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Cells in Their Environment


Submitted By trekk
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‘Cells in their environment’
The wellbeing of cells is constantly dependant on their ability to interact with and adapt to their corresponding environment. Even in intense conditions it is vital that cells adapt in order to maintain their dynamic efficiency. Thermophilic bacteria, such as Bacillus stearothermophilus and Thermus aquaticus are prokaryotes which thrive in scorching temperatures; for example: in hot springs such as ‘Octopus Spring’ in Yellowstone National Park. These environmental conditions are substantially harsh as these waters present numerous pressures. The cells of thermophiles however, have adapted to this harsh environment through different strategies including the use of thermozymes and developing a particular cell membrane, both crucial for the productivity of cells and thus, the life of thermophiles. This paper will discuss the environment and adaptation of the cells found in thermophilic bacteria.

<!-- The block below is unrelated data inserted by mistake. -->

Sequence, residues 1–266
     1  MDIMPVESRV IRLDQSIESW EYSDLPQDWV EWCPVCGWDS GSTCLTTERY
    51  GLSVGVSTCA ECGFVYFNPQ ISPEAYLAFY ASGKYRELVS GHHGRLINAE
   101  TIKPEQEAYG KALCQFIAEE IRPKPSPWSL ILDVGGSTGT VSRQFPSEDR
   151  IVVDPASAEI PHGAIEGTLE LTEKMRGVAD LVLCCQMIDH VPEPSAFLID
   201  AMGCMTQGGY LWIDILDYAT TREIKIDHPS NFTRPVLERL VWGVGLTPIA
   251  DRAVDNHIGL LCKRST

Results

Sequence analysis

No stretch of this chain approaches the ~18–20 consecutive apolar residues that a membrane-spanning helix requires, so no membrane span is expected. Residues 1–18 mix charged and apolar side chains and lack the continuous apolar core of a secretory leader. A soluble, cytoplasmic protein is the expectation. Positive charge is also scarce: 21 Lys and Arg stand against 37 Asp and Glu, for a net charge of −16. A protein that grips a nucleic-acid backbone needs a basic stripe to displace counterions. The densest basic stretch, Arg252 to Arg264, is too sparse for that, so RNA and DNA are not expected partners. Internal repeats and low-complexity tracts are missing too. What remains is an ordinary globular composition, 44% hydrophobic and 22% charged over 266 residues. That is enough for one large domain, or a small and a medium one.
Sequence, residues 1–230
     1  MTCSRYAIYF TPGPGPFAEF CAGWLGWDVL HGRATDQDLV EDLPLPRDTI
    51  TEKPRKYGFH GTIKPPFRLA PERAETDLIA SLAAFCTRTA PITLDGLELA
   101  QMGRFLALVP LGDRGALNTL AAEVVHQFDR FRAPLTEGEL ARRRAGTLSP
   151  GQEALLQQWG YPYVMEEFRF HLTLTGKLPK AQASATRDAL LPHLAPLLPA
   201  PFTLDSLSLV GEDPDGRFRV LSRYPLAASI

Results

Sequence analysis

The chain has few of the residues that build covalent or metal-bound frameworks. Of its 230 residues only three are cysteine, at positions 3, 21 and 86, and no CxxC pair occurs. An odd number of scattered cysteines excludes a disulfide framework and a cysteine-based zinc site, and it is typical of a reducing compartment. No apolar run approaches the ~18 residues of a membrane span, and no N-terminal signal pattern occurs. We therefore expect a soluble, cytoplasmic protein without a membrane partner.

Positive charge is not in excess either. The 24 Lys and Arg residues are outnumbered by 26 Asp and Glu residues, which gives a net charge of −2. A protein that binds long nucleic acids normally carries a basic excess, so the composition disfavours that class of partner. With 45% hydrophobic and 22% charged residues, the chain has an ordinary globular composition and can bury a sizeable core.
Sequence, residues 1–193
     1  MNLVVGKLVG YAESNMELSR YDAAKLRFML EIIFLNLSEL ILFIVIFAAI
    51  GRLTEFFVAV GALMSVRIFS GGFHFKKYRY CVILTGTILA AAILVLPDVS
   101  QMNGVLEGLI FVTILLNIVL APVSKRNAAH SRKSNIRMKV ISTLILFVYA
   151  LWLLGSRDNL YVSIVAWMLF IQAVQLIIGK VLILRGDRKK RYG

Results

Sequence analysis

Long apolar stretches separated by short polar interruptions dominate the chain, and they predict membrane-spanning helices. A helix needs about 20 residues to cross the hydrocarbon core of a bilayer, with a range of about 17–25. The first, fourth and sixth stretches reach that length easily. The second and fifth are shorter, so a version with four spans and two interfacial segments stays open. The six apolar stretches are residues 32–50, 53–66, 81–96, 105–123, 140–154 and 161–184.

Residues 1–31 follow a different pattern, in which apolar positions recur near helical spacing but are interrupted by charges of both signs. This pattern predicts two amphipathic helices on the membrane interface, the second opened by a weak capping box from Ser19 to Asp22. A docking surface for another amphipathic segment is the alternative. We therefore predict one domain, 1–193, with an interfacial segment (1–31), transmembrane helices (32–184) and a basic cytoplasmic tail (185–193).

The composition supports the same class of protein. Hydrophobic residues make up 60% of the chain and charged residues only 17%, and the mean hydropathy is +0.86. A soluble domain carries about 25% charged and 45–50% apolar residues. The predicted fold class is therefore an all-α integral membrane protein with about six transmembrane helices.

The Environment.
Thermophiles live in extremely hot environments. An example being hydrothermal vents deep on the sea floor in both Pacific and Atlantic Oceans. These ‘smoker’ chimneys arise from the separation of Oceanic plates and the subsequent burst of lava that fills the gap creating a chimney like vent full of extremely hot water. The potential threat of thermophilic bacterial cells living close to and perhaps even on these hydrothermal vents arises from the 200 – 350°C water that gushes out into the water outside of the vent which is comparatively much cooler, lying around 2 - 4°C. The force at which this water immerses is extraordinary. The high pressure of this water mixes with the already high pressure of the deep sea floor.
To a certain extent this is similar to hot springs which host a living community of many thermophilic bacteria such as thermus aquaticus, which lives and was found in the springs of Yellowstone

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